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Experiences of living with epilepsy

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dc.contributor.advisor Cronjé, Elsje Margaretha
dc.contributor.advisor Nieuwoudt, Johannes Marthinus Eastman, Emma 2019-06-24T13:04:57Z 2019-06-24T13:04:57Z 2019-01
dc.identifier.citation Eastman, Emma (2019) Experiences of living with epilepsy, University of South Africa, Pretoria, <>
dc.description.abstract Approximately 50 million people worldwide and one in every 100 South Africans, live with epilepsy. The challenges of epilepsy are not limited to the physical manifestations of the disease i.e. seizures. Public perceptions of epilepsy contribute significantly to an individual’s experience of living with epilepsy. Stigmatisation of epilepsy occurs worldwide and presents in varying forms. Enacted stigma refers to overt acts of discrimination against people with epilepsy and perceived (or “felt”) stigma is the feeling of shame and fear of being stigmatised as a person with epilepsy. Epilepsy stigma is considered to be one of the most important factors that have a negative influence on people with epilepsy. There is a noticeable difference in the nature of epilepsy stigma between developed and developing countries, and even between communities within the same country. This difference suggests that epilepsy stigma is shaped by differences in education, cultural values, access to healthcare, quality of care and legal rules. There is very little research on epilepsy-associated stigma emerging from South Africa. The aim of this study is to describe the lived experience of living with epilepsy and the associated stigma. Following qualitative methods, using an ethnographic approach, 10 semi-structured interviews with people with epilepsy were conducted. The complexity of studying the subjective experience of stigmatisation lends itself well to this approach. Participants were identified through the Western Cape branch of Epilepsy South Africa and recruited from various communities in Cape Town, South Africa. Data was analysed using Braun and Clarke’s (2006) principles of thematic analysis. The participants reported a broad range of subjective experiences and perspectives of living with epilepsy. Across all participants, the factors which played an impactful role on their lives was the social support they received, the public understanding of the community they lived in, the daily reminders of being “different” and living with the fear of not knowing when the next seizure will occur. By nature of this study’s design, the findings from this study cannot be generalised to South Africa. However, this study offers a glimpse into the subjective experience of living with epilepsy from individuals residing in different communities in Cape Town, South Africa. The findings show a broad range of experiences which are mediated by external influences. The findings suggest a need for further research into the challenges people with epilepsy face across communities within South Africa. en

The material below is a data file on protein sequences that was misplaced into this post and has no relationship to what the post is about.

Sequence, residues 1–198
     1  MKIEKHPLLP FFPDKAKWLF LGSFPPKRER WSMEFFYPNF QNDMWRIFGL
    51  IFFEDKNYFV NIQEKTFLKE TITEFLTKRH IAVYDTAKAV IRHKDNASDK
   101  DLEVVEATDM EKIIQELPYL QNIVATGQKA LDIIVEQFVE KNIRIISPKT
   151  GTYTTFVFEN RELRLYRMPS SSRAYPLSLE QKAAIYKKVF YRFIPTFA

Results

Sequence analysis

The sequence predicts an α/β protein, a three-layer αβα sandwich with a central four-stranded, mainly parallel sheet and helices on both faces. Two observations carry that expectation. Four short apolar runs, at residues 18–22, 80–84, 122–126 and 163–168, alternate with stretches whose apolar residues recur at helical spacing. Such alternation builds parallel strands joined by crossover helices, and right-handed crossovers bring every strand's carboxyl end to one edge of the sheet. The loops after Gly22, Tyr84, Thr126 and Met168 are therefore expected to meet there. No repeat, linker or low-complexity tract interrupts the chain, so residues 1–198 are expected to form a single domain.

dc.format.extent 1 online resource (x, 127 leaves) : illustrations, graphs (some color)
dc.language.iso en en
dc.subject Epilepsy
dc.subject Epilepsy associated stigma
dc.subject Perceived stigma
dc.subject Felt stigma
dc.subject Enacted stigma
dc.subject Stigmatisation
dc.subject Seizures
dc.subject South Africa
dc.subject Qualitative study
dc.subject.ddc 362.196853009687355
dc.subject.lcsh Epilepsy -- South Africa -- Cape town -- Psychological aspects -- Case studies
dc.subject.lcsh Stigma (Social psychology) -- South Africa -- Cape town -- Case studies
dc.subject.lcsh Epilepsy -- Social aspects -- South Africa -- Cape town -- Case studies
dc.subject.lcsh Epilepsy -- Family relationships -- South Africa -- Cape Town -- Case studies
dc.title Experiences of living with epilepsy en
dc.type Dissertation en
dc.description.department Psychology M.A. (Psychology)

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